Holiday Portrait Gift
In what is apparently becoming somewhat of a tradition, this post is a delayed one. What I mean is, it was actually written at the beginning of December, but I’m just now publishing it on Christmas. The reason for the massive delay is the same as a similar one from July; the featured artwork is a gift! I don’t think any family members are keeping a tight surveillance of my website, especially during this busy time of year. But on the off chance my mom happens by, the artwork here is a gift for her, so I didn’t want to ruin the surprise.
For my mom’s birthday this past summer, I did a couple of portraits for her (below). One was of her with the grandkids, another was an attempt to draw her as a kid with her dad. They turned out decently enough I think – she seemed to like them. I thought it might be fun to do some more for Christmas as throw ins to other presents. I don’t have confidence enough that one of my drawings is a good gift on its own necessarily, but it does seem like a cool addition to a more normal gift. I only ended up having time to finish one for my mom and a portrait of my new nephew, but I’d hoped to do a few more for others.
For this one, once again I decided to go with a scene featuring my mom and the two girls. I captured an extremely blurry and dark photo of them having a group hug, and decided that might be good to try. The photo isn’t suitable for much – it’s too low resolution for printing or anything. And their features are barely visible. But it’s a good scene, and the thought was that perhaps I would be able to fill in details that were lacking in the original. That turned out to be a challenge that I didn’t fully rise to, but I almost got it to where I’d hoped.
Here’s the final version:
Overall, it’s a pretty solid result. The scene was preserved and I mostly captured the right look for everyone. My oldest daughter and my mom were both wearing all black, which can be a challenge sometimes for me (high contrast is one of my weaknesses). I opted to go with somewhat muted blacks by blending in some white, which I think was a good decision.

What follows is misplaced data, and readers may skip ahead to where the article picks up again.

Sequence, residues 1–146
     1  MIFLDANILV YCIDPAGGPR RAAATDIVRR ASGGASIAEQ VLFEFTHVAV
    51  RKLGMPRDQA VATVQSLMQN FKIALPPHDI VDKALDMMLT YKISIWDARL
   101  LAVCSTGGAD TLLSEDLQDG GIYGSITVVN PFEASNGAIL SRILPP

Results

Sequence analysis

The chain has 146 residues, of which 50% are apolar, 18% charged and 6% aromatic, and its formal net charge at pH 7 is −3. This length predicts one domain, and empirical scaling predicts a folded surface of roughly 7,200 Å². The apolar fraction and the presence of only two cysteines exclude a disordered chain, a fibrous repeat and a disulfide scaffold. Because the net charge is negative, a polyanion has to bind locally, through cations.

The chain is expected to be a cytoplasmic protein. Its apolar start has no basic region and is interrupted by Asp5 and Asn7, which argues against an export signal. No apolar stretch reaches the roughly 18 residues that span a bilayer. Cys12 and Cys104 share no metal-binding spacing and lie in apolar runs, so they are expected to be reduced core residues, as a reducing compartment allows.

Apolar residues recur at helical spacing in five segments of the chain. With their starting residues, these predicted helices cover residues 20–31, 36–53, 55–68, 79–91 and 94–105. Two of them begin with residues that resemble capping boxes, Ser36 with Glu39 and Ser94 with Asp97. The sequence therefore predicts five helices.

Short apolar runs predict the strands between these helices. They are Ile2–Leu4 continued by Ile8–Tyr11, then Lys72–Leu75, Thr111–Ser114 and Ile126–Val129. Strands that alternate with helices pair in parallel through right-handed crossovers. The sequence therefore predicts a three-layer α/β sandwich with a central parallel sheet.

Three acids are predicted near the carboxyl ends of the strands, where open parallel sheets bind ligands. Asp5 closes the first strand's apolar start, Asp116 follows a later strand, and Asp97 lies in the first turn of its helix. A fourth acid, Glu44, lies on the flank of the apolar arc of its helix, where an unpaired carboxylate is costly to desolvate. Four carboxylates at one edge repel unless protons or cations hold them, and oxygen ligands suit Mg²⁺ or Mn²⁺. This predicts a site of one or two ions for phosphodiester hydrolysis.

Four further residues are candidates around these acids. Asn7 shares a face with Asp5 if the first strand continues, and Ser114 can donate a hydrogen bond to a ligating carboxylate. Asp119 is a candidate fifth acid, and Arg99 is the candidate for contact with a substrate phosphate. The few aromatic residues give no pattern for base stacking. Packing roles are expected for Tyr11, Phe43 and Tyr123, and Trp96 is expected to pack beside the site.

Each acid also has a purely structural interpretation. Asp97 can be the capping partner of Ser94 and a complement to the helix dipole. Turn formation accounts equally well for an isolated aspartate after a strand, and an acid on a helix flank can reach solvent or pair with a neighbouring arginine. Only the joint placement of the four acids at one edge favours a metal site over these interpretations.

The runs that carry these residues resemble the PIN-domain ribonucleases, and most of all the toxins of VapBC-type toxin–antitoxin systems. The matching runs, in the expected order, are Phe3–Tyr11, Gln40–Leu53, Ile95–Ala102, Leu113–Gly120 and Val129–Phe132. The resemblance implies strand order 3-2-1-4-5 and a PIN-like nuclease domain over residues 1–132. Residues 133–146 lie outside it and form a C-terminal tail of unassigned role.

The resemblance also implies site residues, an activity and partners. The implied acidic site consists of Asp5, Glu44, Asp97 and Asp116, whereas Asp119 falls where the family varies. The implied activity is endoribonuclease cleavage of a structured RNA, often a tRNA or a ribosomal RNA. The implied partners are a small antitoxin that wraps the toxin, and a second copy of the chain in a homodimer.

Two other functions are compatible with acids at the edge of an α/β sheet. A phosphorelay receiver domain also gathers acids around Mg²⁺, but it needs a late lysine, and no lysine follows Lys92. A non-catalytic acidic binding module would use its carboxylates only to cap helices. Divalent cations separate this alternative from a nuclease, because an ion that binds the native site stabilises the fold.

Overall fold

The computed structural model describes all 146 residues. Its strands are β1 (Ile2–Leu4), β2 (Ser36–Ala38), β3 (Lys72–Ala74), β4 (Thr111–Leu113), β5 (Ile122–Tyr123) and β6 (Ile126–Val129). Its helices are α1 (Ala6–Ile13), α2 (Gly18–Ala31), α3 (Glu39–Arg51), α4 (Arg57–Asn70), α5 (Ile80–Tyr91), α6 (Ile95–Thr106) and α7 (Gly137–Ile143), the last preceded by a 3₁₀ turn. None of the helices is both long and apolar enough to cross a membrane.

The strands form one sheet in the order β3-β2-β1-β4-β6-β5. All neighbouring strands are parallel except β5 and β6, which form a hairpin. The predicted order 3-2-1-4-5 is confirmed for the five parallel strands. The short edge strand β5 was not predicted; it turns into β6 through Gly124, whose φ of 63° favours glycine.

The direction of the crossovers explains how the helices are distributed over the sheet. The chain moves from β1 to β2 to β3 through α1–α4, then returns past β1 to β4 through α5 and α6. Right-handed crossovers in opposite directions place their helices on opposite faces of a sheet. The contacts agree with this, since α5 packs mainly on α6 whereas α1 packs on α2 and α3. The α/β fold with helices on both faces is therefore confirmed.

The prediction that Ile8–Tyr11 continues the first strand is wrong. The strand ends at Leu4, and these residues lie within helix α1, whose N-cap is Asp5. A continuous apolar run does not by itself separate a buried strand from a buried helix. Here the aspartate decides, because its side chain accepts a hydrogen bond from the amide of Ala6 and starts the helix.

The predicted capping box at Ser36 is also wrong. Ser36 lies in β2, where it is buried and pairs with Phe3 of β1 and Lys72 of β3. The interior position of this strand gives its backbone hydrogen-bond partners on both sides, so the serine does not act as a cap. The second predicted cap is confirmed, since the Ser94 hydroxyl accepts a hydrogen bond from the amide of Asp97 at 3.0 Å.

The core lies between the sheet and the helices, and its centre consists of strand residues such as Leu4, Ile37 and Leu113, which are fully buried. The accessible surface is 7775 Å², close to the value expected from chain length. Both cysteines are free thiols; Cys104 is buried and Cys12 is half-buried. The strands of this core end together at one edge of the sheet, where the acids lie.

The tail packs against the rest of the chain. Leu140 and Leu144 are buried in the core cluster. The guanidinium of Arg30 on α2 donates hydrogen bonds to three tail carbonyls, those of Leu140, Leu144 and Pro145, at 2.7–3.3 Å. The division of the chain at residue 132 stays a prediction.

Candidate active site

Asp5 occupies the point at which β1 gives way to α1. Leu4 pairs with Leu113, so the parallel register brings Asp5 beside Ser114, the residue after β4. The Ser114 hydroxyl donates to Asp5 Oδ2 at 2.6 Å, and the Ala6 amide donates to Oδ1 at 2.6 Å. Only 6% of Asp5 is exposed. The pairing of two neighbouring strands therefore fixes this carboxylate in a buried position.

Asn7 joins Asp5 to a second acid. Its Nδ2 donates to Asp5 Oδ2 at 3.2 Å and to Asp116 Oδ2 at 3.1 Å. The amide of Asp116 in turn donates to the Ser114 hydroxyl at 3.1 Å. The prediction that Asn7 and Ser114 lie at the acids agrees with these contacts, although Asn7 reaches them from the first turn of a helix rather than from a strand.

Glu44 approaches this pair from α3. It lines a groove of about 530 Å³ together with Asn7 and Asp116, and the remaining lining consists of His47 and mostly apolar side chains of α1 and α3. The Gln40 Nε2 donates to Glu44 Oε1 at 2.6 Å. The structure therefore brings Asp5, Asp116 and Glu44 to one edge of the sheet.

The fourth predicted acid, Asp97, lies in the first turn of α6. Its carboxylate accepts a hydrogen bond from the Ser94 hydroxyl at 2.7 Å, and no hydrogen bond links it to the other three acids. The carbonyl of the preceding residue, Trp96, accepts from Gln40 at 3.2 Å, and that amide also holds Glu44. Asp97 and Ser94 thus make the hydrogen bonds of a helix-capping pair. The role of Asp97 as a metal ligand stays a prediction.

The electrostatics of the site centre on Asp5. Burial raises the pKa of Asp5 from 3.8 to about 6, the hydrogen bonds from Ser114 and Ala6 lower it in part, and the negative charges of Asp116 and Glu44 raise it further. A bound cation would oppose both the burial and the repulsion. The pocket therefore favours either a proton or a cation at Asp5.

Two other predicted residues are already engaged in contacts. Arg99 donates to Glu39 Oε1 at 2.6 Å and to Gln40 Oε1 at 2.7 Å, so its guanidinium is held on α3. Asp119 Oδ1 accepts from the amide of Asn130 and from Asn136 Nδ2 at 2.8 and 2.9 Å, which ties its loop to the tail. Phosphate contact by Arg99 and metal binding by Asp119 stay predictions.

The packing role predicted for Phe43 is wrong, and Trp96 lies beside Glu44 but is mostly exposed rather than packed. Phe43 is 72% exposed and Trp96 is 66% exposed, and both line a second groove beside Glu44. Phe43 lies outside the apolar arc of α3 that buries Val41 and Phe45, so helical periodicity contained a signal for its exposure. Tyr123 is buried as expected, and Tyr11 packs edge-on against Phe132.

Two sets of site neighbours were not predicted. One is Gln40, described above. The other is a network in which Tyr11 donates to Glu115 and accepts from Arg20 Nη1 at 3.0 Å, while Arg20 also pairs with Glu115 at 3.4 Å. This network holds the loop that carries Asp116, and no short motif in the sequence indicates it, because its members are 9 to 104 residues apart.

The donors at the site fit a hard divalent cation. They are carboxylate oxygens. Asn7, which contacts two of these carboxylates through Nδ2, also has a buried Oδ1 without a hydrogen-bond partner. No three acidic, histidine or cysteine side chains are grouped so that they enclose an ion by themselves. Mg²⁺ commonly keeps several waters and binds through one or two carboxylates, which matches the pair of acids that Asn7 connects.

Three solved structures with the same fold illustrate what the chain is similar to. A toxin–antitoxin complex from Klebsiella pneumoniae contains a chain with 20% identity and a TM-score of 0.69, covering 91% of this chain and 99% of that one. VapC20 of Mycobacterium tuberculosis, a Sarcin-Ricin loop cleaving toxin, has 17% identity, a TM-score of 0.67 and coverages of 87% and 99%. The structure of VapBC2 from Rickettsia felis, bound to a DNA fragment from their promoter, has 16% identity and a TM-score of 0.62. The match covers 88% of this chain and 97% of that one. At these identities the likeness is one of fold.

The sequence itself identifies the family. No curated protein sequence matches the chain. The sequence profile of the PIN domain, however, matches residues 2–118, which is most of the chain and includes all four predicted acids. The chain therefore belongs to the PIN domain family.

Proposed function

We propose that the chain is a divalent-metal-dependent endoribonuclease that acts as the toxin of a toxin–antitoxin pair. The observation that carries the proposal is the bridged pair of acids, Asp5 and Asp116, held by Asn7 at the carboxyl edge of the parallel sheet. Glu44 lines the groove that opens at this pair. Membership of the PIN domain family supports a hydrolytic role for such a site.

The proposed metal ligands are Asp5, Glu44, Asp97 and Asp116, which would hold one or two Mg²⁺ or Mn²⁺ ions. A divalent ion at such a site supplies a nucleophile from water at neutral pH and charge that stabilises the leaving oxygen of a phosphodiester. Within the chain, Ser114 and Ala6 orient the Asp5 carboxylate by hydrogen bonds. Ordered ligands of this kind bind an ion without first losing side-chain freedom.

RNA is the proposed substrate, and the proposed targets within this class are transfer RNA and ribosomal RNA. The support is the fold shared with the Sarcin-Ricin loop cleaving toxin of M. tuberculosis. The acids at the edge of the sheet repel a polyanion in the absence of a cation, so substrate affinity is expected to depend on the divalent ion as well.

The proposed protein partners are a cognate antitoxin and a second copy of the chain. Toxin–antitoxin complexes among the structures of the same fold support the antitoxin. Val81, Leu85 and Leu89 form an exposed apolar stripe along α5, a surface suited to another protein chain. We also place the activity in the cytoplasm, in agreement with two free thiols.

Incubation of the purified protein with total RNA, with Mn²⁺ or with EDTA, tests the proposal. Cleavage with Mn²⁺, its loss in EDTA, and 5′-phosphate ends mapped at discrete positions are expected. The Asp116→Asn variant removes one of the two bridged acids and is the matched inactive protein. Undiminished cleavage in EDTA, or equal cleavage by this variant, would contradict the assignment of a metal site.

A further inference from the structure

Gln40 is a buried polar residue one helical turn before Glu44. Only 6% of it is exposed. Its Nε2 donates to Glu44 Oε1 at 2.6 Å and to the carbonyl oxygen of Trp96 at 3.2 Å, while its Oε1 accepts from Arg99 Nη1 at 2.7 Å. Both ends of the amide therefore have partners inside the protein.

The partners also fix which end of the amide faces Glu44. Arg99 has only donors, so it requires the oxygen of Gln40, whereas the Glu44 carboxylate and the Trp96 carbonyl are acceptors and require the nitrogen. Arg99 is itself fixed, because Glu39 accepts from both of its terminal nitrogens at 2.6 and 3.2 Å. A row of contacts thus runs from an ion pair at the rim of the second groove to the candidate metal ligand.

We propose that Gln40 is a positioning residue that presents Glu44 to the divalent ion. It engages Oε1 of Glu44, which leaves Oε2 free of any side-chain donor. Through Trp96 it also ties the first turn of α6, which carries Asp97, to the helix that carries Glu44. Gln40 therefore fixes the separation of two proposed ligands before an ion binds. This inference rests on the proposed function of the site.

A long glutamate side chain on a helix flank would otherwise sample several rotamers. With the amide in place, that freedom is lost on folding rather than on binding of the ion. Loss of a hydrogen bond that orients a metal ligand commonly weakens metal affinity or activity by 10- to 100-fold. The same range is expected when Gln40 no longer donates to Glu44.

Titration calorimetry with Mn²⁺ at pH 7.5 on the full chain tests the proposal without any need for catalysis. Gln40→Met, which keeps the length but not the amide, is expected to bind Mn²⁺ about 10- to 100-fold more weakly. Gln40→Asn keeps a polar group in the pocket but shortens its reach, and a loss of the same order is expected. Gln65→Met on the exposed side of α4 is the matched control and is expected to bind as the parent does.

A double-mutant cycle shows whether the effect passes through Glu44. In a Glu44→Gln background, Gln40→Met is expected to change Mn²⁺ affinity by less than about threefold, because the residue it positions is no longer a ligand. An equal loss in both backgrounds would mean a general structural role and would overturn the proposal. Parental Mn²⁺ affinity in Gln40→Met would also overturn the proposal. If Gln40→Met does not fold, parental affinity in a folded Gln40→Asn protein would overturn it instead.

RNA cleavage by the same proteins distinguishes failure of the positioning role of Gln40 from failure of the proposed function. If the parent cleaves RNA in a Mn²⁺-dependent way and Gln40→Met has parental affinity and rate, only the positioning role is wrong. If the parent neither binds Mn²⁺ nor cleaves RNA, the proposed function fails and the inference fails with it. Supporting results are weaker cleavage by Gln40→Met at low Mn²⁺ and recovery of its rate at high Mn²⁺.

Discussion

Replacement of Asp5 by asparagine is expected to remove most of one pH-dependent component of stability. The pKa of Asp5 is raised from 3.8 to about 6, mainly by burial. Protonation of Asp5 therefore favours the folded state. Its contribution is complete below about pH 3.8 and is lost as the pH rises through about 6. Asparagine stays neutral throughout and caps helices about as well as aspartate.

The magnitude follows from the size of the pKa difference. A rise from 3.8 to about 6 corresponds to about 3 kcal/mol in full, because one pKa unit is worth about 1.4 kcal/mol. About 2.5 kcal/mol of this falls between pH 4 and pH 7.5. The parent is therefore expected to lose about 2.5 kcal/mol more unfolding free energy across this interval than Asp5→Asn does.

Since I didn’t have much definition to reference from the original photo, unfortunately there were areas of this portrait that I couldn’t completely flesh out. For example, my mom’s clothes ended up as a solid black mass without differentiation; sort of a disappointing lack of follow through. Also, I lost some mouth shape details to overly saturated color blending around my youngest daughter’s mouth. There just wasn’t any tooth left in the paper to repair the damage I did.
I did a better job with my mom’s and oldest daugther’s faces I think. Good facial feature details and hair color choices. Another miss though was poor Mr. Bunny (the oldest’s stuffed animal); his white “fur” shading isn’t natural looking against her black coat. The outline of black overwhelms the stuffed animal and they don’t look like they fit as part of the same scene.
And now for the usual progression .gif. I actually had a difficult time using my standard method this time. I’m not sure what was going on, because I tested it using some slightly older image files of other artwork and it was fine. Maybe one of my .jpgs were damaged or something. Anyhow, I zipped them and tried uploading that way and it seemed to work for some reason! Here it is:
So, it’s not perfect and I wouldn’t call it my best. There were a few aspects that just “weren’t quite there.” But it’s not a catastrophe, and I feel fine enough about the quality to give it as a gift (I definitely can’t say that about all of my artwork). I’ll write another post for the second gift portrait soon hopefully.
Nice presents, well done on doing the horses.
I’ve seen very experienced artists fall apart doing horses, especially face on.
Hey Steve, happy holidays to you! Man, you aren’t lying about horses. Trying to draw a horse face feels a lot like trying to sketch a weird brown alien.